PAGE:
Travel buyers and sellers should be alert to pending legal and legislative changes, including a possible increase in Long Term Capital Gains tax rates now set to go up by 33 percent on January 1, 2013, according to Bob Sweeney, president and CEO, Innovative Travel Acquisitions (ITA), a major travel industry broker.
"I strongly urges anyone who is considering selling in the near future to list your business now while there is still time to shoot for a December 31st, 2012 closing date. Total after tax returns will be affected by this significant tax hike - unless Congress acts," Sweeney said.
To encourage listings ITA is offering a $500 discount at closing if a listing is made prior to August 1, 2012.
"Fear not, there are buyers out there. Banks seem to be trying to get Small Business Administration (SBA) loans pushed thru again, which is a positive indication of buyers’ optimism in acquisitions at this point in the economic cycle. The aging population of tour and travel-related company owners will drive our business over the coming decades. While retirement has certainly been pushed back for many, you do not want to “die at your desk,” Sweeney says.
Sweeney's seven tips for sellers include the following: do not list unless you are ready to sell at today’s market multiple or percentage of sales benchmark; have past 24 months income statements ready to share; put together a concise overview of who you are, what you do, where your business started, where it is today and where it can go with new resources; do not enter into any long-term lease or subscription contracts prior to a sale; never become emotional in negotiation and compile a list of assets that will be acquired by a potential buyer.
Last but not least, he urges sellers to contact ITA 18-24 months prior to the date the agent wants to fully step away from the business, as most buyers want the previous owner to stay on for 12 months after the sale.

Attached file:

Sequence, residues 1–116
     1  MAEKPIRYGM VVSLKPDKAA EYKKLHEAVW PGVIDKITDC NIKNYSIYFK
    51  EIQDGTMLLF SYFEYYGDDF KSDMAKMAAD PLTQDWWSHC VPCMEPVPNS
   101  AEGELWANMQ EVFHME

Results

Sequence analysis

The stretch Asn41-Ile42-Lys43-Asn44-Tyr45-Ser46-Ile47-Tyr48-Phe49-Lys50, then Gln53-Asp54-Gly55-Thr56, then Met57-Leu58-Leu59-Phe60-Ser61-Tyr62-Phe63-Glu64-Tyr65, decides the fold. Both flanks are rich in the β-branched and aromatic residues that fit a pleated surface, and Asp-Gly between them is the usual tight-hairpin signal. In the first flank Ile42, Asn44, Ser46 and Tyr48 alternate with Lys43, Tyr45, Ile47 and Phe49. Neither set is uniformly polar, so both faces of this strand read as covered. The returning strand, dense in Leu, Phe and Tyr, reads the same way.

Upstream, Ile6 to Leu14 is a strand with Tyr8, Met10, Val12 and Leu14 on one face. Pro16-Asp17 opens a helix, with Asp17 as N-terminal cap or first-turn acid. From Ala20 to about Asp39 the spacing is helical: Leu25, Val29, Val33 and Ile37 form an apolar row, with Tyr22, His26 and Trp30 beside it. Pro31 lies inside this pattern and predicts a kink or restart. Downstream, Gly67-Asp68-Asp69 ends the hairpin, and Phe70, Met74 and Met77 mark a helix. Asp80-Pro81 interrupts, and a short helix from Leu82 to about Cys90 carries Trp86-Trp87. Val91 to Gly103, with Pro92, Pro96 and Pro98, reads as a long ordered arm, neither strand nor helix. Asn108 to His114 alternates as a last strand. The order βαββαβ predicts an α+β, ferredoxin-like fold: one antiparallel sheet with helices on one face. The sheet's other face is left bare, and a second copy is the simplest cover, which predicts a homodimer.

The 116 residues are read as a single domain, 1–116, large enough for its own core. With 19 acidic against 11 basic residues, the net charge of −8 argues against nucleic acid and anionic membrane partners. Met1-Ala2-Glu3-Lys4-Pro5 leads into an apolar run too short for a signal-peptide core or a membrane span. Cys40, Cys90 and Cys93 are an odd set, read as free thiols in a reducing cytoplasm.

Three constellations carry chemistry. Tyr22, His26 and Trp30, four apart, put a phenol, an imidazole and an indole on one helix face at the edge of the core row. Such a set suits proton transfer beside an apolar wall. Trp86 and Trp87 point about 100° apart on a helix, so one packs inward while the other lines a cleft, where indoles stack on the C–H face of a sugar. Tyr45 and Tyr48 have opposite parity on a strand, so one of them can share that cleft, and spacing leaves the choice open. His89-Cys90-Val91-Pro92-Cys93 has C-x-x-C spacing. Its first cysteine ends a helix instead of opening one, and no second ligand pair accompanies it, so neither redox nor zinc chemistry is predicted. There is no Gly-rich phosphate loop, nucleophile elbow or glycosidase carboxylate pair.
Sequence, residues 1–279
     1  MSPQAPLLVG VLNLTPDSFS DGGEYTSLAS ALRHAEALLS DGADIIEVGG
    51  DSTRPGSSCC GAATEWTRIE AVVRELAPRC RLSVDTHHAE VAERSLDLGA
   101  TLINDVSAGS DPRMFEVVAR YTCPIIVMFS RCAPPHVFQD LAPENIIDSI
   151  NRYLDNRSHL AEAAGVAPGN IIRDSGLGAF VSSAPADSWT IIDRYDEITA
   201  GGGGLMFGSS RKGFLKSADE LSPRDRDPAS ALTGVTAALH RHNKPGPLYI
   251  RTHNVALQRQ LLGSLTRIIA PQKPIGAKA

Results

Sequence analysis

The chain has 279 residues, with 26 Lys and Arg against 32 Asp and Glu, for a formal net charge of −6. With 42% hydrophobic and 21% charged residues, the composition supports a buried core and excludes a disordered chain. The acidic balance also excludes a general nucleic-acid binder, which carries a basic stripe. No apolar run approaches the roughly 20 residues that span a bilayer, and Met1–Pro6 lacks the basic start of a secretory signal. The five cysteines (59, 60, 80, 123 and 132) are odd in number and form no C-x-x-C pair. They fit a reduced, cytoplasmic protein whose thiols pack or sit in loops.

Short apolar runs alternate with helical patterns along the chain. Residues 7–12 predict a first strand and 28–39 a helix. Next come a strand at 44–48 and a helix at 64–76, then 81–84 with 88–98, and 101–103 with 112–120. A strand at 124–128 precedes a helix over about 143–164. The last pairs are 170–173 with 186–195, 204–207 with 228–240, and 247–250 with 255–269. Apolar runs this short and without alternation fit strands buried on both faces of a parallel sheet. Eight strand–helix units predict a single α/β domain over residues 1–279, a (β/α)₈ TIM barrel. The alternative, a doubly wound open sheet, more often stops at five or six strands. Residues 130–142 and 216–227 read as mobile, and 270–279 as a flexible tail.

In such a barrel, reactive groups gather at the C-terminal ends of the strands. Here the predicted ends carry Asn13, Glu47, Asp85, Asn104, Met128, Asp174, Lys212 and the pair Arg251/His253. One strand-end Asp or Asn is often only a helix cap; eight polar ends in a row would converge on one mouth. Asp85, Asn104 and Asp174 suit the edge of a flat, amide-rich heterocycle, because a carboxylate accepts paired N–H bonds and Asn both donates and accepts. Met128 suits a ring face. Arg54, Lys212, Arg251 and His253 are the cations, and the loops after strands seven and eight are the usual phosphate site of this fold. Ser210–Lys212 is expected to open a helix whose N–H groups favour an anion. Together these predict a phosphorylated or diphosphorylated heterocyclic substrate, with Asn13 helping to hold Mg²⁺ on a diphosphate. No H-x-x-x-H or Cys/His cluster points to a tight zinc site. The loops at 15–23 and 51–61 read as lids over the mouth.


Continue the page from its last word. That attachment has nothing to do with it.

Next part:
Throughout ITA’s 21 year history, Sweeney notes that the company has represented all different kinds of companies including: technology, representation, marketing, incentive/loyalty/rewards companies, villa rental agencies, online (portable) businesses, niche tour operations, motorcoach and shuttle operations as well as numerous other niche companies.
Sweeney notes that many experts are predicting a huge wave of businesses will become available for sale over the next two decades as baby-boomers will be looking to retire.
He suggests agents ask five key questions when acquiring a tour or travel-related business, including: who runs the business and how does the business function when the owner takes a two week vacation; do the numbers add up and will the business provide a reasonable return on your investment and time; how does the business attract leads and which marketing channel provides the most/best leads?
Another question is if the business will survive the transition and will key employees stay-on post transaction? Finally, Sweeney asks if the seller put any skin in the game and be willing to stand behind the business’s first year post-sale performance?
Sweeney will be conducting a 75 minute seminar, “The Nuts & Bolts of Tour Operator Acquisitions" in San Diego at the National Tour Operators annual meeting Saturday, August 18, 2012.